Using Technology to Deepen Democracy, Using Democracy to Ensure Technology Benefits Us All
Wednesday, June 25, 2014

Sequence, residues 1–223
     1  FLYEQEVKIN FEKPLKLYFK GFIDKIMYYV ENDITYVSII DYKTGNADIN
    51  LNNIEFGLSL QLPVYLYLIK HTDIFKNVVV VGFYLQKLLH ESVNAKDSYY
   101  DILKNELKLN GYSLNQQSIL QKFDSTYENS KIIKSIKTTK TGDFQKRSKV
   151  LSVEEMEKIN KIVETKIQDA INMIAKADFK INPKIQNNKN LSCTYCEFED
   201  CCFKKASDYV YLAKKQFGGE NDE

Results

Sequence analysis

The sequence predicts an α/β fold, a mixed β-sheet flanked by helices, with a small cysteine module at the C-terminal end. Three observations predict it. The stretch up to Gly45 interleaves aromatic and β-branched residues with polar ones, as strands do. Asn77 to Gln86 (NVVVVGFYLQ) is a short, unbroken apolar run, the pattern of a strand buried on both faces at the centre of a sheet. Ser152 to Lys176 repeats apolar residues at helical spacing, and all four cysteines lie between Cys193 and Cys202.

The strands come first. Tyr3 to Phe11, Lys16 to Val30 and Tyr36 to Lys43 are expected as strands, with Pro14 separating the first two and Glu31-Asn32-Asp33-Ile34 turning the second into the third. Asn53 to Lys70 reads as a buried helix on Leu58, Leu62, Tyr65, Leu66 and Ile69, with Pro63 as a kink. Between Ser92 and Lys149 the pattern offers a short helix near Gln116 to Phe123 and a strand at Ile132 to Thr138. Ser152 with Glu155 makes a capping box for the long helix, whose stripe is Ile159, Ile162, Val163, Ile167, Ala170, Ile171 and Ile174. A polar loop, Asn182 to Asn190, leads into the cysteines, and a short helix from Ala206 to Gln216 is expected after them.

Those reassured by the anomalous heavy weather explanation for the readjusted winter quarter's 2.9% economic contraction should note heavy weather is becoming typical. Anthropogenic climate change is going to bedevil conventional economic assumptions -- and this in a political epoch in which one of the only two viable national parties refuses either to concede the reality of climate change in the first place or the soundness of conventional Keynes-Hicks macroeconomic assumptions anyway. We are far from living in anything remotely like the classic Galbraithian construal of American Capitalism (in which rights culture and organized labor function as countervailing powers to corporate and military competitiveness), but even that classic vision would not cut it in the storm churn of a Greenhouse Present. As I have said before, I am hoping the inevitable ongoing and amplifying commercial disruption and infrastructure destruction of climate change will function as analogues to what Piketty has called the "shocks of war" in his famous book, to create conditions in which state interventions into otherwise naturalized insular plutocratic forces become possible for a change, this time prompting a quite radical legal, normative, sociocultural shift re-internalizing public risks and costs in the name of a planetary sustainability that would also be more equitable-in-diversity simply by virtue of the diversity of stakeholders who would have to be taken seriously for the state to take sustainability seriously in that way.